It’s finally here: the BlackBerry 10

BlackBerry 10 launchThere have been a lot of rumours about BlackBerry’s new handsets and a lot of hype about how they could turn around parent company RIM’s fortunes. And now the much-anticipated Z10 and Q10 have finally had their official launch.

The two new gizmos will be the very first to run the company’s new operating system. And, in a symbol of the fresh start they could signal, Research in Motion is accompanying the launch by officially changing its name to BlackBerry.

As expected, the Z10 is a flashy touchscreen device very much designed to rival Apple’s flagship iPhone franchise. The Q10 on the other hand retains the famous keyboard that built BlackBerry into the iconic brand it is today.

At the heart of both new devices is a new operating system called BlackBerry 10 which is designed to cash in on BlackBerry’s strength in the business market while still appealing to consumers using the device to organise their personal life.

While a single interface allows you to manage your work and home calendar at a glance, the two are completely segregated. If you take a photograph and select work, for example, it will be stored in a different place to snaps taken while in personal mode. As one BlackBerry Z10BlackBerry executive explained: “If you get fired, you don’t want the boss to delete all the photos you took of your kids.”

So, with so much pressure on the shoulders of one device – the money is really on the Z10 to change BlackBerry’s struggling reputation – what can we expect?

With solid build quality and a rubberised back, the Z10 has a 4.2-inch screen that is sharp and detailed at 356DPI. If you compare that to 326 for the iPhone, it looks like BlackBerry has a real contender on its hands.

BlackBerry’s new emphasis on touchscreen rather than relying on its Qwerty keyboard devices comes to the fore as soon as you turn on the new device – which you do by swiping your finger up the screen rather than pressing a button.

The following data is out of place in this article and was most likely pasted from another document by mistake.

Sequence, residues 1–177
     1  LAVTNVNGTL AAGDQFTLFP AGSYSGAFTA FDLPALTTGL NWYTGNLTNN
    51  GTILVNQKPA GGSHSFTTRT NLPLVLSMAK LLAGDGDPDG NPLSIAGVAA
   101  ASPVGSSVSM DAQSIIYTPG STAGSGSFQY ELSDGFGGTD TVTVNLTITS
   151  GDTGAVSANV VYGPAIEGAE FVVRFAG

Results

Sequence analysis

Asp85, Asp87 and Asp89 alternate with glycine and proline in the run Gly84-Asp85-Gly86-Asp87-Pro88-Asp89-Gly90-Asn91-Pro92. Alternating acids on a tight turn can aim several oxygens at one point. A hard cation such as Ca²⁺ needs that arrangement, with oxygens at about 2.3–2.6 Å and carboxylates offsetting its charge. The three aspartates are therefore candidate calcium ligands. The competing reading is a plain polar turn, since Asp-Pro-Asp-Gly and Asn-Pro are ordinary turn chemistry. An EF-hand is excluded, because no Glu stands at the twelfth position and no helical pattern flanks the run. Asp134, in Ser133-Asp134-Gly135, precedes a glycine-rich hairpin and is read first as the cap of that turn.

Once in, you swipe up to reveal a screen with tiles of all the programmes you are running. Then you swipe right to look at your BlackBerry Hub – a combined inbox which brings together everything you have from your email and social networks.BlackBerry 10 launch event

The new system runs on Peek and Flow. Flow refers to the way BB10 operates as you glide between applications and screens while Peek is the clever little gesture which allows you to check your latest notifications and messages without having to exit the current app you’re using.

It’s all impressive stuff, but apps may prove a problem for BlackBerry. While the new devices do run its own and lots of Android apps, some, such as the Facebook app, isn’t yet fully formed and there is no YouTube app. With consumers increasingly looking to apps to make life more convenient, this may be off-putting for many.

Only time will tell whether BlackBerry’s Z10 and Q10 have what it takes to challenge Apple and stem the dominance of Google’s Android. BlackBerry certainly has a tough task ahead of it.

The gizmos are set to cost around £50 a month on contract.

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